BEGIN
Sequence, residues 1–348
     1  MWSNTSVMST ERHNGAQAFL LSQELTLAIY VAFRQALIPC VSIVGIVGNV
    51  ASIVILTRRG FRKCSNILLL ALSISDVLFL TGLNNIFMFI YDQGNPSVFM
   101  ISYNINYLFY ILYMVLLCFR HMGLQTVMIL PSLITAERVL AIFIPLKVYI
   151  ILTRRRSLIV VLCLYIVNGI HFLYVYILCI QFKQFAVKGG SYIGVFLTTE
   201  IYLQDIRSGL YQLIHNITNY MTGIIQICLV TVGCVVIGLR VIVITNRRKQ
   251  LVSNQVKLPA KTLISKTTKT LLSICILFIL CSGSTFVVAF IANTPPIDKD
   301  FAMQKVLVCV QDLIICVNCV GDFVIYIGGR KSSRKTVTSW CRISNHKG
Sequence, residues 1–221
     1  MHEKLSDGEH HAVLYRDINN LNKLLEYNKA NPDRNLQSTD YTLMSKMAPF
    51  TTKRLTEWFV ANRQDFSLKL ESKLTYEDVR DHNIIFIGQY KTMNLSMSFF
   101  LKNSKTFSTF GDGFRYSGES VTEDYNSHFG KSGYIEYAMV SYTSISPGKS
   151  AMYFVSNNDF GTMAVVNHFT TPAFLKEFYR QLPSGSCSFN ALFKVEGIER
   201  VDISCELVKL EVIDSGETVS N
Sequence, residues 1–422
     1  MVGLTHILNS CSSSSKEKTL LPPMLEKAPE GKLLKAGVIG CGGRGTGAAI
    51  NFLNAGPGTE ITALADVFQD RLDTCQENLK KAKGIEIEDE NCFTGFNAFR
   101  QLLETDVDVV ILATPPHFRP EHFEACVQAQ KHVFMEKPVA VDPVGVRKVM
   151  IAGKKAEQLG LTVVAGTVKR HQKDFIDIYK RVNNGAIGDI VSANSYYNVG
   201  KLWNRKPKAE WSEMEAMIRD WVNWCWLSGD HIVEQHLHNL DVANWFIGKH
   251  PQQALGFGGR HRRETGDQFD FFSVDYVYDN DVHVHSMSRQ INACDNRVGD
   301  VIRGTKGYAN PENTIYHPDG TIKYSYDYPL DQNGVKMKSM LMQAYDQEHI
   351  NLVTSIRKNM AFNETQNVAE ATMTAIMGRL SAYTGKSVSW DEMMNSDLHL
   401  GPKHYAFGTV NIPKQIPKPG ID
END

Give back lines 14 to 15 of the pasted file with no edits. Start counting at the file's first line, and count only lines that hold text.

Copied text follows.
   201  VDISCELVKL EVIDSGETVS N
Sequence, residues 1–422